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I Lost My Job. Should I Apply for EI or the Coronavirus Emergency Relief Benefit?

Advice on what to do if you've been laid off and need to choose between Employment Insurance and the CERB.

by Anne Gaviola
Mar 26 2020, 9:36pm

Photo by Quaid Lagan via Unsplash

The coronavirus pandemic has created the largest mass layoff that we’ve ever seen in Canada. About 1 million Employment Insurance (EI) claims have been filed in the past week and a half and another 4 million are expected to apply for the new Canada Emergency Response Benefit (CERB) announced Wednesday when it’s available.

If you’ve recently been laid off, or worried that you’re about to be, there’s a lot to keep up with. One big decision is whether to apply for EI or the CERB, a hard decision to make right now because the federal government is being flooded with requests, with reports of long lineups at Service Canada buildings.

Here are the questions to ask yourself and things to keep in mind to help you figure out what your best move is.

What are EI and CERB?

EI is the federal unemployment insurance program in Canada that provides temporary financial assistance. It’s paid every two weeks to people who are eligible, for a maximum of 55 percent of their insured earnings over the past year, capped at $2,292 a month. Benefits begin the week after your last day of work (there’s a one-week waiting period) and continue for a total of up to 45 weeks.

CERB is the newly streamlined coronavirus emergency benefit for people who don’t qualify for EI or choose this option instead. You can’t apply for it until the government website is up, which Prime Minister Justin Trudeau said will hopefully be on April 6. It offers $2,000 a month, retroactive to March 15, paid bi-weekly ($500 a week) for up to four months. Payments are expected to start 10 days after people submit their applications, meaning applicants won’t get paid until at least April 16.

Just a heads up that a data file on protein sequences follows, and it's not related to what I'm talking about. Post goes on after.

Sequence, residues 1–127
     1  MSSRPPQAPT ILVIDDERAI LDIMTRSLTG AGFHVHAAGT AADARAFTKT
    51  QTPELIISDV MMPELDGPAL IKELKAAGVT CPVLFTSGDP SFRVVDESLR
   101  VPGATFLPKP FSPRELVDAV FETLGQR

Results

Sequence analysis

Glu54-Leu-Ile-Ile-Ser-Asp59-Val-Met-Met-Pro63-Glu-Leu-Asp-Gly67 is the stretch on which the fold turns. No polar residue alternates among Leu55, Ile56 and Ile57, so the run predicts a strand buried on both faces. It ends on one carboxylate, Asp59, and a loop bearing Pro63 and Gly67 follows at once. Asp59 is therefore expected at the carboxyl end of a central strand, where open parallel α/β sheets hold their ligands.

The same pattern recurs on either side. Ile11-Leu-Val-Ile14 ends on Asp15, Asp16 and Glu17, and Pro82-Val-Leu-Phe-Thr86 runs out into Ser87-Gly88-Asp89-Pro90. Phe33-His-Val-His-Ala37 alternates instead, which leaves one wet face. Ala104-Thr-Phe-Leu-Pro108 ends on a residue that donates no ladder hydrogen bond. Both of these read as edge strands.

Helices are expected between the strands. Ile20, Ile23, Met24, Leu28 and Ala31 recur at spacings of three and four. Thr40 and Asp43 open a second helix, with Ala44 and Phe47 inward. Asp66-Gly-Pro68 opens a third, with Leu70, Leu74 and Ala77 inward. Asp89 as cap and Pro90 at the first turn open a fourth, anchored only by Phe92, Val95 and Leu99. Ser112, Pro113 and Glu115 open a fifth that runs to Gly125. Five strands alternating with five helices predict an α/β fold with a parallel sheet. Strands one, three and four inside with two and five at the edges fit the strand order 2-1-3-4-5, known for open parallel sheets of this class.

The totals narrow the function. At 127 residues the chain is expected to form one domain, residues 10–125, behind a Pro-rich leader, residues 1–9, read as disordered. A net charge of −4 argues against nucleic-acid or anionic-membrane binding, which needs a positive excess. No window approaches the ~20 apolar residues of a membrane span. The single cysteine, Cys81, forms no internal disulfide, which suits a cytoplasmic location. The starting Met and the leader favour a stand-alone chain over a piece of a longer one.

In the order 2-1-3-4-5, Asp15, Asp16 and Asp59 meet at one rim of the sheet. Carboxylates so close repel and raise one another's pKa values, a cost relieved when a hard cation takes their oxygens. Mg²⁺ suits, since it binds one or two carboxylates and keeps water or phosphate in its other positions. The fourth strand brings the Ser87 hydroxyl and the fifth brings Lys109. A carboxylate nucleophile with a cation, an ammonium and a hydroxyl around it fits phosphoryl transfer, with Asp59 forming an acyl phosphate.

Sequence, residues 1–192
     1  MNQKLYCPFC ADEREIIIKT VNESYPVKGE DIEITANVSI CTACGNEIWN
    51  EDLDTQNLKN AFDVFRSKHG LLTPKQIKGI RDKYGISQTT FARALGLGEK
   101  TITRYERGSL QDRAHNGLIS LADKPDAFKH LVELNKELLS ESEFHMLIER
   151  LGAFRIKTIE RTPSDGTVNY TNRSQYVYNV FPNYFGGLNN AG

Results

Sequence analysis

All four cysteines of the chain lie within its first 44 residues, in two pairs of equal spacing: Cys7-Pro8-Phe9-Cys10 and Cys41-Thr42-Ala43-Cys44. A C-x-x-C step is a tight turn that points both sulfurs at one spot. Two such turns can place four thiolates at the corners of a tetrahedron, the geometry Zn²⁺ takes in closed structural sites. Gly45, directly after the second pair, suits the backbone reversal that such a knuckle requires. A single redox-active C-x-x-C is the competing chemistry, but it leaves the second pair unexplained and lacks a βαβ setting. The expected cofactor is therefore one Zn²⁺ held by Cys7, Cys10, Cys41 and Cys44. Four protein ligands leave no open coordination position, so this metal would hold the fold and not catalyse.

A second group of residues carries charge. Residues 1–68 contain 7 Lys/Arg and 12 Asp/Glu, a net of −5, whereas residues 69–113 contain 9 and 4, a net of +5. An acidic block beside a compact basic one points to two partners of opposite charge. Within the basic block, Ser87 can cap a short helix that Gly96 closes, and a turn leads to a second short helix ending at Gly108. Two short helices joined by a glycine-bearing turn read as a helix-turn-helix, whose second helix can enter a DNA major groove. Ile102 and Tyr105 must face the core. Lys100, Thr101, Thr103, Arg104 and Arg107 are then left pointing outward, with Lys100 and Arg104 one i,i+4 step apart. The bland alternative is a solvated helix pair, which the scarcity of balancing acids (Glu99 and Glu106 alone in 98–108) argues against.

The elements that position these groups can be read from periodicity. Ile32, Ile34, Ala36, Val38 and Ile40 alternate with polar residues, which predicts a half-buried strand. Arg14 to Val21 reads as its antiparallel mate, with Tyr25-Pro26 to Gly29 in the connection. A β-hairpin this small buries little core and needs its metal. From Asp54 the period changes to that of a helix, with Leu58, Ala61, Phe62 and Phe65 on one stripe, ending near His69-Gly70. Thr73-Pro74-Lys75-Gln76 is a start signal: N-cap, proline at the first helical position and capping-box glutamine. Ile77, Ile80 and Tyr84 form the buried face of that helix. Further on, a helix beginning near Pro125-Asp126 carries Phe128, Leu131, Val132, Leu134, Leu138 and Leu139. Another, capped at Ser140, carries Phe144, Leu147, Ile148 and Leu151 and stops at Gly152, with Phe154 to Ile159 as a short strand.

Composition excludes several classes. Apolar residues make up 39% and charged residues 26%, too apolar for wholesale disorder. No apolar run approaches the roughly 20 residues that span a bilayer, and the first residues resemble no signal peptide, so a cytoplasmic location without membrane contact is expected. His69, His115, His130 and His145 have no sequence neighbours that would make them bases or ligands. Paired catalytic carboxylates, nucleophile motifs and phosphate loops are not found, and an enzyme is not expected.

Do you qualify for EI?

You’re probably eligible for EI if you paid into the employment insurance program, have been out of work for at least seven days in a row, and have worked the minimum number of hours (between 420 and 700 depending on where you live). You can see all the details here.

Do you qualify for the CERB?

The emergency coronavirus benefit if for anyone whose work is affected by COVID-19. If you’ve been laid off, are sick, quarantined, taking care of someone who is sick with COVID-19, or are a working parent who needs to stay home without pay to take care of kids who are sick or home because school or daycare is closed. CERB was designed for people who don’t qualify for EI but need help, including part-time employees, gig workers, and freelancers.

If you’re still working but don’t have money coming in because of COVID-19-related disruptions then you may qualify for the CERB.

How much do you make?